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"What are you really paying to see?",
This review is from: Pornography - A Thriller [DVD] (DVD)
In recent years there has been a minor, yet noticeable, trend in 'gay-themed' films to embrace the Gothic and supernatural. To date, the finest examples of this are independent shorts: "Cowboy", "Love Bite", "Freunde", "Gay Zombie" and "Bugcrush". Writer/director David Kittredge's PORNOGRAPHY: A THRILLER takes this trend feature-length.
A film in three Acts, the stage is set in 1995. Ex-porn star Mark Anton is offered $20,000 by his former manager/producer to attend a one-off, private session for a client. Having attempted to 'clean-up' his image, Mark is reluctant, but the lure of the cash is too great. It soon becomes clear that the mysterious client wants more from Mark than the latter is prepared to give - and that a higher price will be exacted.
Act Two is set in New York, 14 years later. A freelance writer who is working on a book about the porn industry moves into a new apartment with his boyfriend. As his research uncovers rumours surrounding Mark Anton and a snuff film, the supernatural rears its head; possession and poltergeist-style happenings begin to disrupt the writer's days, suggesting a connection between his new apartment and Mark Anton.
Act Three flips to L.A. Successful porn star Matt Stevens wants to move into directing. He 'dreams' a screenplay: The Story of Mark Anton, about the latter's unexplained disappearance. As he begins filming, he becomes obsessed with discovering what happened to Mark, and gradually his boundaries between dream, fantasy and wakefulness dissolve.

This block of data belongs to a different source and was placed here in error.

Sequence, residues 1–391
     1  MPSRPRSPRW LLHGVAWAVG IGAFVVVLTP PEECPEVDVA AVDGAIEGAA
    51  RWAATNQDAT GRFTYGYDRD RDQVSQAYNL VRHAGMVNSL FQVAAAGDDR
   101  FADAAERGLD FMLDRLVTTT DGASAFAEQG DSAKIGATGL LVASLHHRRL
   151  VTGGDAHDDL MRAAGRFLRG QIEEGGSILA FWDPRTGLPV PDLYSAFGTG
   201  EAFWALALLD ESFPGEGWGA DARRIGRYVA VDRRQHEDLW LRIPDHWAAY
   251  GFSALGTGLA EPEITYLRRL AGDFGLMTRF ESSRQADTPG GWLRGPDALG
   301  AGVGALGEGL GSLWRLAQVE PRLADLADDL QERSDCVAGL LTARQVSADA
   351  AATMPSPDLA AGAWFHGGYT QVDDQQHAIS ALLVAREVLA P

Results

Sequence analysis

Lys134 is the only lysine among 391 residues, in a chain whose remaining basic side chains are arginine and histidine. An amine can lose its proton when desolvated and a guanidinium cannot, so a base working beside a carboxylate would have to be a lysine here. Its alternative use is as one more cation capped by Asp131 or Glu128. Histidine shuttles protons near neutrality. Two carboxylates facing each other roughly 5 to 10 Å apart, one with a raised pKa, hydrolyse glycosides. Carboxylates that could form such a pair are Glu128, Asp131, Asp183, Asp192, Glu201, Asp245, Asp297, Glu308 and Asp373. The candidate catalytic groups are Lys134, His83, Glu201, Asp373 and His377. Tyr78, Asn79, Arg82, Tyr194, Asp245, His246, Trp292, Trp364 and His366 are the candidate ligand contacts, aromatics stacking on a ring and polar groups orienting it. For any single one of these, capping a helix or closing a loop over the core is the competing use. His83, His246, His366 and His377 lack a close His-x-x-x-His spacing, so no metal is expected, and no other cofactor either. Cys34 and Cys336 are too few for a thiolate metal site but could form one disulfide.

PORNOGRAPHY: A THRILLER will become one of the most talked-about independent films of the year. The film's most immediate quality is its darkly strained atmosphere; particularly during Act Two, the palpable tension is spine-chilling, with an omnipresent sense of nervous unease. Think Stephen King's "The Shining" having supper with an Alfred Hitchcock film. Its low-budget background is nowhere reflected in the production values, the cinematography and musical score especially being of the highest standard. The cast, too, are generally strong, with impressive performances in particular from Pete Scherer (as Matt Stevens) and Matthew Montgomery.
A jigsaw puzzle with missing pieces, PORNOGRAPHY: A THRILLER does not offer comprehensive resolution. Like any good film, it leaves the viewer - or perhaps voyeur - wanting more. And possibly this is the overriding theme, the impossibility of desire's fulfilment. Transgressing established genres, this film deserves a widespread audience. Highly recommended.